Fair Value of Tangible Assets – In the event of Business Combinations tangible assets (current – non-current) are best valued with the market or income approaches. If adequate data are not available to derive an indication of value through these methods, an appraiser may use the replacement cost method, which adjusts the original cost for changes in the price level to determine its current replacement cost. The current replacement cost is then adjusted due to physical use or functional obsolescence. Cash-generating unit (CGU) Cash-generating unit (CGU)

Property, Plant and Equipment (PP&E) must be recognized at fair value for current capacity. Accumulated depreciation is not carried forward. An appraiser may use the cost approach, in which a market participant would pay no more for an asset … Read more

Intangible valuation approach

Intangible valuation approach Intangible valuation approach – Valuation assignments must estimate the value of intangibles, recognising the volatility, ongoing creation and problems with protection and enforcement. Business valuation analysts have been independently valuing intangible assets for many years, usually in the context of an exchange between owners (transaction), for estate and gift tax purposes or as part of a litigation assignment. Knowledge underlies the creation of value. Some of the questions that need to be answered include the following:

  • What would a willing buyer pay to employ the intangible asset?
  • What is the useful life of this asset?
  • What portion of the operating income does this asset generate?

Financial reporting concepts require measurement of these separable intangible assets from the overall goodwill in Read more

Asset accumulation valuation example

Asset accumulation valuation example  – The asset accumulation method and the adjusted net asset method are both generally accepted business valuation methods of the asset-based business valuation approach. Here is an example of the asset accumulation method:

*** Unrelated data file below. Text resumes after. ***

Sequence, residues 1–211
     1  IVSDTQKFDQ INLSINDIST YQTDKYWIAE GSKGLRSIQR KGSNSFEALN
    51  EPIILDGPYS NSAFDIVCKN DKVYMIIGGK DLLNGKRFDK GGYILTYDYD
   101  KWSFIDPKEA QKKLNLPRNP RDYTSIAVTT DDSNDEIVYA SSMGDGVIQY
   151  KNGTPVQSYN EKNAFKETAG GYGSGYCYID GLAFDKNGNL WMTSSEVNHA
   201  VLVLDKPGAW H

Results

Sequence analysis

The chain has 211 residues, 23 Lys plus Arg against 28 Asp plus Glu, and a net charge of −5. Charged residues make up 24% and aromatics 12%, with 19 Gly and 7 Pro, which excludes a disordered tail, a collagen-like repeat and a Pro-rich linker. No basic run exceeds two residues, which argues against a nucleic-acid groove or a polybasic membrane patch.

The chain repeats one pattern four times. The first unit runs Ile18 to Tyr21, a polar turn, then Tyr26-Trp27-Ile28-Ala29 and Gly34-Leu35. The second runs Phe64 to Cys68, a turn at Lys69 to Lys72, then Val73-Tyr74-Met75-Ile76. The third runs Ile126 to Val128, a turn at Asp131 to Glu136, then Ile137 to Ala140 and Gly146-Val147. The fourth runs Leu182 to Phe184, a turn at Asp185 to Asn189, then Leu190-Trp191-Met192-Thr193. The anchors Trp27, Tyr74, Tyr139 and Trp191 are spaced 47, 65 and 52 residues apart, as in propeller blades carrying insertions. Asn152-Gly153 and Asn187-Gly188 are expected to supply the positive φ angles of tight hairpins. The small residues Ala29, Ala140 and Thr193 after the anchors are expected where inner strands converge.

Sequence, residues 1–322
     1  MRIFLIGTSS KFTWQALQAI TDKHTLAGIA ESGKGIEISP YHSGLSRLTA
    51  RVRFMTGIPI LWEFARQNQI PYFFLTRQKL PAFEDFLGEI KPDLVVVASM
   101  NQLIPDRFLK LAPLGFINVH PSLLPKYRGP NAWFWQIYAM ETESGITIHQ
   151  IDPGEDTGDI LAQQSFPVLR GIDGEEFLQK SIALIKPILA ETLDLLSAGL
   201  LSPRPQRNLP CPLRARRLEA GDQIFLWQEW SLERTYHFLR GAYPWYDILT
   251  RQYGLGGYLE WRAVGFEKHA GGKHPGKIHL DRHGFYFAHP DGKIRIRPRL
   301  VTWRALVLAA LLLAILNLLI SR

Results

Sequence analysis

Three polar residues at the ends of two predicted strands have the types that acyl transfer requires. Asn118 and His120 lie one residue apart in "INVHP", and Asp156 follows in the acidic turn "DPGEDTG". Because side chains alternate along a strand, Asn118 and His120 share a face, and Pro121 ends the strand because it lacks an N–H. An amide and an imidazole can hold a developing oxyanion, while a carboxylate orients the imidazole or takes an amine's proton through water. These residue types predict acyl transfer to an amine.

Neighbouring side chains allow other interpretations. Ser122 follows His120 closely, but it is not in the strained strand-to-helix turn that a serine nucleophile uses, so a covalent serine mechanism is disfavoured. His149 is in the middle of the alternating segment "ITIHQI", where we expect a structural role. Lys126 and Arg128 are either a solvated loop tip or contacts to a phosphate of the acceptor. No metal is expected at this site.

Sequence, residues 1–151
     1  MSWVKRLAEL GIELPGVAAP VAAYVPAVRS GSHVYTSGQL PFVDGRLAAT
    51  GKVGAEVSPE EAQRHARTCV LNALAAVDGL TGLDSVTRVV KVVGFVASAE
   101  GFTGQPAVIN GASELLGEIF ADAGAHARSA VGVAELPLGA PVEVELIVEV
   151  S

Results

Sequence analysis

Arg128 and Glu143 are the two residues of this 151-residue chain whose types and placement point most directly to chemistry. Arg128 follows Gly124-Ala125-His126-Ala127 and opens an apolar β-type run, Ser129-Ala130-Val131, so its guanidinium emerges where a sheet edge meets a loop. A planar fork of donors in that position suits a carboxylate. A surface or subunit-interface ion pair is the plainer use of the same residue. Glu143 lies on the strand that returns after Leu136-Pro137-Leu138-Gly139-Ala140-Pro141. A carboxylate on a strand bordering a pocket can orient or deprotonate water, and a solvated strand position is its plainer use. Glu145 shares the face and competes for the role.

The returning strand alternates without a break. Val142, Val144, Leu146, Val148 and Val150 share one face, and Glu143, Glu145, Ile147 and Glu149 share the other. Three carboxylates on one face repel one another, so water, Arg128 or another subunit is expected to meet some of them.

A valuation expert has been retained to estimate the fair market value of the total equity of Brown Client Company (“Brown”) as of December 31, 2016. Let’s assume that Brown is a family-owned construction contractor company. Asset accumulation valuation example

The valuation expert decided to use the asset-based valuation approach and the asset accumulation valuation method. sset accumulation valuation example

The Brown GAAP-basis balance sheet for December 31, 2016, is presented on Exhibit 1. All financial data are presented in … Read more

Valuation of Intangibles on Acquisition

In Valuation of Intangibles on Acquisition a lot of practical examples are shown to be used as a tool of reference when challenging a valuation in real life.

THE CASE: Shockwave Corporation

  • Shockwave Corporation is the largest satellite radio provider in the country. Shockwave commenced operations five years ago when the government granted satellite spectrum licenses to four start-ups seeking to cultivate a then-burgeoning industry. Since that time, precipitated by the accelerating wireless data needs of telecommunication industry technology, the government has stated that it will not be licensing any new spectrum for satellite radio but may approve the sale or transfer of existing spectrum.
  • Shockwave generates its revenue from monthly subscriptions to consumers sourced via a direct retail sales